Shortly after ‘The Romanians are coming’ documentary broadcast by British Channel 4 TV station inflamed the spirits and even caused a small diplomatic scandal, BBC has revenged Romanians. At the proposal of Tomy Tomescu, one of the leaders of the Romanian community in Great Britain, the channel broadcast on 6 March a documentary presenting immigrants on both sides of the barricade: those who have managed to lead a decent living in the UK and those who have not. The first category, usually graduates of prestigious universities, go to the UK not to beg or steal, but to find a job suitable for their qualification which is more than above average be it in Romania or the UK, the documentary says.
BBC reminds of a recent survey of the British Institute for Economic and Social Research suggesting that the immigrants bring more money to the country they go to than the country they left.
In addition, the documentary points out that in the first six months of their arrival to the UK only little more than 6% of the immigrants apply for welfare support after registration and obtaining a national socials security number, most of them having high qualifications most often in the banking or medical sector.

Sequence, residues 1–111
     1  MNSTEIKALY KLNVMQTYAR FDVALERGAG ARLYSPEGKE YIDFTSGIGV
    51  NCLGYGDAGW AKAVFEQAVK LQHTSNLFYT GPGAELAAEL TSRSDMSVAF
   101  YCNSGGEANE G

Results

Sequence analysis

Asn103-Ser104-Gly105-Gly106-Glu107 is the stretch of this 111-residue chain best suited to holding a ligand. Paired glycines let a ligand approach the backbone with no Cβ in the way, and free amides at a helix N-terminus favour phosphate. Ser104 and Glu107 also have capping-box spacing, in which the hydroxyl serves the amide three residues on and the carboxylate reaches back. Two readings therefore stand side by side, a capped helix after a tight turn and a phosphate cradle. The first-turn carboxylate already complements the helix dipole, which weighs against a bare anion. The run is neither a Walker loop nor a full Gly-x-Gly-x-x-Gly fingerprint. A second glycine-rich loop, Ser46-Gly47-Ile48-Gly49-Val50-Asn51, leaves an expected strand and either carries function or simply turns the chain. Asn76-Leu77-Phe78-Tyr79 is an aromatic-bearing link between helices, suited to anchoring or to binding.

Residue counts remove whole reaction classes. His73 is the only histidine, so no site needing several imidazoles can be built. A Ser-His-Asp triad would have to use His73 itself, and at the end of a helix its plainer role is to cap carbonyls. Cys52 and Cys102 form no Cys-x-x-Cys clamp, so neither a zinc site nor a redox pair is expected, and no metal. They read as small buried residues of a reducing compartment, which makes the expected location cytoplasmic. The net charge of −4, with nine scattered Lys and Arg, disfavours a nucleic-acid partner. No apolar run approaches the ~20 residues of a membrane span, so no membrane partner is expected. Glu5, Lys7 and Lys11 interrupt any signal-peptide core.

The material produced by BBC presents the case of a young lady from Sibiu, Iulia Creta, a dentist who graduated in Cluj Napoca. She chose to migrate to Great Britain and admits to being afraid of British prejudice on Romanians. In some of the places where supplied for a position she was put on hold when she told them, on the phone, that she was Romanian. In some cases the telephone call was never completed.
During the 30-minute documentary, the young Romanian lady is followed during several weeks, capturing her moments of disappointment, failed job interviews and how she obtained her first job in the UK on the third week after arrival to the kingdom.
The documentary however also presents the life of immigrants who are less professionally trained and also less fortunate, who live in disused garages or basements. Some used to have a decent job but lost it and all they want is to return home, having enough of sleeping in shelters. Becoming roofless in the UK, some of them return to their country and realise that, in their case, migrating to the UK was a mistake, as a woman from Poland states.
The sound track of the BBC documentary includes Romanian tunes.